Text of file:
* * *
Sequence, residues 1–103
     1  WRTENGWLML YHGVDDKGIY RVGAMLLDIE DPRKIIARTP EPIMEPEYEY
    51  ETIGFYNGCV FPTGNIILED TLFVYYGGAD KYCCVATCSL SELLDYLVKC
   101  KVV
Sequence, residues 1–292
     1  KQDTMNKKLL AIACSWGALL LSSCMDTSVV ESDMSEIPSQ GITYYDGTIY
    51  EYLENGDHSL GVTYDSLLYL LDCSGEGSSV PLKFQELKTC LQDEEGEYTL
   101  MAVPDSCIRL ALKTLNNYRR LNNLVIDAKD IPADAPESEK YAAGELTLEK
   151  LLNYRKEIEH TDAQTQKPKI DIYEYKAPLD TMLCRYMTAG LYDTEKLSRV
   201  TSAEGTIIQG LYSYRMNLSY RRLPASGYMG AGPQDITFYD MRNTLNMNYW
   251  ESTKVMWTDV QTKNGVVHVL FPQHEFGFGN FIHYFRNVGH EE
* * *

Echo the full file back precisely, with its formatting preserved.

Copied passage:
Sequence, residues 1–103
     1  WRTENGWLML YHGVDDKGIY RVGAMLLDIE DPRKIIARTP EPIMEPEYEY
    51  ETIGFYNGCV FPTGNIILED TLFVYYGGAD KYCCVATCSL SELLDYLVKC
   101  KVV
Sequence, residues 1–292
     1  KQDTMNKKLL AIACSWGALL LSSCMDTSVV ESDMSEIPSQ GITYYDGTIY
    51  EYLENGDHSL GVTYDSLLYL LDCSGEGSSV PLKFQELKTC LQDEEGEYTL
   101  MAVPDSCIRL ALKTLNNYRR LNNLVIDAKD IPADAPESEK YAAGELTLEK
   151  LLNYRKEIEH TDAQTQKPKI DIYEYKAPLD TMLCRYMTAG LYDTEKLSRV
   201  TSAEGTIIQG LYSYRMNLSY RRLPASGYMG AGPQDITFYD MRNTLNMNYW
   251  ESTKVMWTDV QTKNGVVHVL FPQHEFGFGN FIHYFRNVGH EE